What you can do

Dealing with complaints: 2

The seven steps to good complaints handling


This means approaching the situation from the complainant’s perspective.

It might involve

  • Reassuring the complainant that their ongoing treatment will not be affected by their complaint, or;
  • Acknowledging the impact on them of the events they have complained about, or;
  • Expressing sympathy with the trouble or suffering the complainant reports having experienced.

Step 2: LISTEN

This means developing an understanding of their experience from the complainant’s perspective.

One of the most helpful things is to offer to meet with complainants.

Meetings can have several benefits: from showing that the complaint has been taken seriously and demonstrating that the organisation is in listening mode, to clarifying the key matters of complaint, providing an opportunity to resolve concerns early on, and building rapport and trust.


Where complaints investigations are done well, the investigation gets underway swiftly, it has a clear structure and defined scope, and there is a sense of momentum and a defined end.

All relevant parties should be asked to input into the investigation, particularly clinicians.

Another marker of a good investigation is that conflicts of evidence are reconciled, and complainants are helped to understand the relevance of clinical opinion. There should be a robust documentary record of the investigation.


This means making sense of the evidence that has been amassed and the outcome of the investigation. Reflective questions include:

 Has the investigation got to the bottom of what occurred?
 What further steps, if any, are necessary before a full response can be made?
 Which aspects of the complaint, if any, should be upheld?
 How can we learn from this?
 How can we prevent the same problems from happening again?
 How well have we managed this complaint?
 What might we do differently if a similar situation were to happen?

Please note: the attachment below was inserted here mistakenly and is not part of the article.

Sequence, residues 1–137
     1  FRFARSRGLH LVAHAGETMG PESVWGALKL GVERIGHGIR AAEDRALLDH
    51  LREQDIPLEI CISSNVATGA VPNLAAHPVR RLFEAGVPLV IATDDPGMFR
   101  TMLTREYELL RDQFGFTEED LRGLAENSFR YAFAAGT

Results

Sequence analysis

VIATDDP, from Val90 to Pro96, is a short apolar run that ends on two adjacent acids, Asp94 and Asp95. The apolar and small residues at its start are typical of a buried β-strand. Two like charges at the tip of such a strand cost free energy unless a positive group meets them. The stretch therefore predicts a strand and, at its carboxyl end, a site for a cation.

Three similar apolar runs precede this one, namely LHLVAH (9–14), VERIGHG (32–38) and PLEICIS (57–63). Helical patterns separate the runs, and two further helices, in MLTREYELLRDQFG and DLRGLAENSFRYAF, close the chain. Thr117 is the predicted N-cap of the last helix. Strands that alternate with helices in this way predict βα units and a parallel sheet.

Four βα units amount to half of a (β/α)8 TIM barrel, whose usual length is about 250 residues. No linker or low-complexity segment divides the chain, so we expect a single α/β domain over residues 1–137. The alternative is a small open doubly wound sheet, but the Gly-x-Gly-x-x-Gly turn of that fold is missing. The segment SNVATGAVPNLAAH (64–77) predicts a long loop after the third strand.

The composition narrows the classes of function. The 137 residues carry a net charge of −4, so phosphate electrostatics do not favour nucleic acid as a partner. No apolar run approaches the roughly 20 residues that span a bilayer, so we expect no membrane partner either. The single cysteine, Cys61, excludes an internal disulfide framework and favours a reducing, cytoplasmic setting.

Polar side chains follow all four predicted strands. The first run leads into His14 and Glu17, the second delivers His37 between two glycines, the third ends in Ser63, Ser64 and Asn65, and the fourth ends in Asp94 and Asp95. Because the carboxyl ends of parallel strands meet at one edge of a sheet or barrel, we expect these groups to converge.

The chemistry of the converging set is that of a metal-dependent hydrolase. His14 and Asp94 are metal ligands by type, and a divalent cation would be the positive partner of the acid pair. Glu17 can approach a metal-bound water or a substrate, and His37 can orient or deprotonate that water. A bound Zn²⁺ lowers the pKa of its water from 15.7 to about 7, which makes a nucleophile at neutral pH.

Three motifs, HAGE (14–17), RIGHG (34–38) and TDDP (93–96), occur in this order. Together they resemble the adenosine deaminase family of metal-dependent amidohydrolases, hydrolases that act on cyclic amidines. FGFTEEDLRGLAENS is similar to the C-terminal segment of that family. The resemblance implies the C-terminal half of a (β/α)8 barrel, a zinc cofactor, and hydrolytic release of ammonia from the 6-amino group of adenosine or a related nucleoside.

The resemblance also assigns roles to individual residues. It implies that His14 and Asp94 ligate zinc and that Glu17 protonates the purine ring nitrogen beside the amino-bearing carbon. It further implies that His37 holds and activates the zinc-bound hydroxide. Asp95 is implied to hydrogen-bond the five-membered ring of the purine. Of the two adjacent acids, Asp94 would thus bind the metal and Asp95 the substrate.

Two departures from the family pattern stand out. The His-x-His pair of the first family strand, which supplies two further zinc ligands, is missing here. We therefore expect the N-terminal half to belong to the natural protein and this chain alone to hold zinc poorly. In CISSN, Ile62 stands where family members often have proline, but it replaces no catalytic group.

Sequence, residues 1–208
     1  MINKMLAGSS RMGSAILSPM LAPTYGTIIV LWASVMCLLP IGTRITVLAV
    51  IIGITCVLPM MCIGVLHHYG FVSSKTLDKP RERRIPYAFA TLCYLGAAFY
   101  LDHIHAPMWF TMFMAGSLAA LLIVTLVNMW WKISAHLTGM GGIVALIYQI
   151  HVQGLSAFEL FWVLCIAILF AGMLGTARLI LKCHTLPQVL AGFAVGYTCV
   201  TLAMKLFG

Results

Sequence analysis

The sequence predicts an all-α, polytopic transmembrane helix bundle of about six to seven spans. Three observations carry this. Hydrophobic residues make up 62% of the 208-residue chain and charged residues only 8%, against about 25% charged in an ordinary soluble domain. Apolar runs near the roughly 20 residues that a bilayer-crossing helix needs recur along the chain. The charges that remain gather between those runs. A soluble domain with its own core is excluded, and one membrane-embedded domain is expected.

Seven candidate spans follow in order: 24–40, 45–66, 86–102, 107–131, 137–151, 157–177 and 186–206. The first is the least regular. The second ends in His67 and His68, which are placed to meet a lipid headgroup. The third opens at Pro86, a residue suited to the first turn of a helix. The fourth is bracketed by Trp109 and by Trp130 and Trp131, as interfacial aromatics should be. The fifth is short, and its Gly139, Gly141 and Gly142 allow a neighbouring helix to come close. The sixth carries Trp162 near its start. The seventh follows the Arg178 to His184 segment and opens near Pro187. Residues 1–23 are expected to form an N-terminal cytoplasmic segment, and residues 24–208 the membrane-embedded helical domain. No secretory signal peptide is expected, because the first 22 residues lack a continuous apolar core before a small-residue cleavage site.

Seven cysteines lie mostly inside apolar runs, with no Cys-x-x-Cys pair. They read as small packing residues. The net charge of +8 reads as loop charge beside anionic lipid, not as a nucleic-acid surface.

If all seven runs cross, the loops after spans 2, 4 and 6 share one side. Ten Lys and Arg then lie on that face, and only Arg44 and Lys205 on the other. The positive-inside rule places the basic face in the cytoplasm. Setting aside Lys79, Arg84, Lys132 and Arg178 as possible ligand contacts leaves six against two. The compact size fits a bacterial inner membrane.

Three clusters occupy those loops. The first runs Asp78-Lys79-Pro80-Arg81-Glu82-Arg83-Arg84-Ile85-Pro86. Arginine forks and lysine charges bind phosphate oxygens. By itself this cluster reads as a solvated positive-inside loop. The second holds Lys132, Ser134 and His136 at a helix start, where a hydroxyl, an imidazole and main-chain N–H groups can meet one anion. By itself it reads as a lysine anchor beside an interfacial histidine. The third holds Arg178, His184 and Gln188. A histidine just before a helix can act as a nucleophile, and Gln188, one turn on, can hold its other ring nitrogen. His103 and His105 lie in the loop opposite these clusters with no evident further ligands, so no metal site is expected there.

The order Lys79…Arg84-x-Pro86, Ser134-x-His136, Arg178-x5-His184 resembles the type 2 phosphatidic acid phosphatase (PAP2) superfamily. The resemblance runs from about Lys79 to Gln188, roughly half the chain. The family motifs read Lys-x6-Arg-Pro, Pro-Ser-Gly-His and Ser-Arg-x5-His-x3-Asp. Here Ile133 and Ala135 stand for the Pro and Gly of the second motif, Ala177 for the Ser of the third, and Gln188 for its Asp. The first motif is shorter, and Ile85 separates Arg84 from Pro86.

And do so within the specified time-frames – or give reasons why this is not possible and when a full response will be made – and be clear what the organisation has found.

It means demonstrating candour regarding any failings, and being explicit about deficiencies and what should have happened, and any steps taken to prevent the same problems occurring again. Responding also means being clear whether the complaint is upheld, and what that means.

Step 6: REMEDY

Complainants seek a range of remedies, from financial redress to an apology and assurances that steps will be taken to avoid the same problems happening again.

It is important to acknowledge the remedy that the complainant seeks and whether the organisation is prepared to grant it and the reasons why.

Wherever possible, the response should try to return the complainant to the position they would have been in if the events concerned had not happened. Any apology should be clear and unequivocal.

Step 7: ACT

This means ensuring that change happens and that the outcome is communicated to complainants.

It is about describing what action has been taken to learn lessons and what has or will be done to prevent the same shortcomings from arising again.

Source: Code of Practice for Complaints Management, by ISCAS, 2017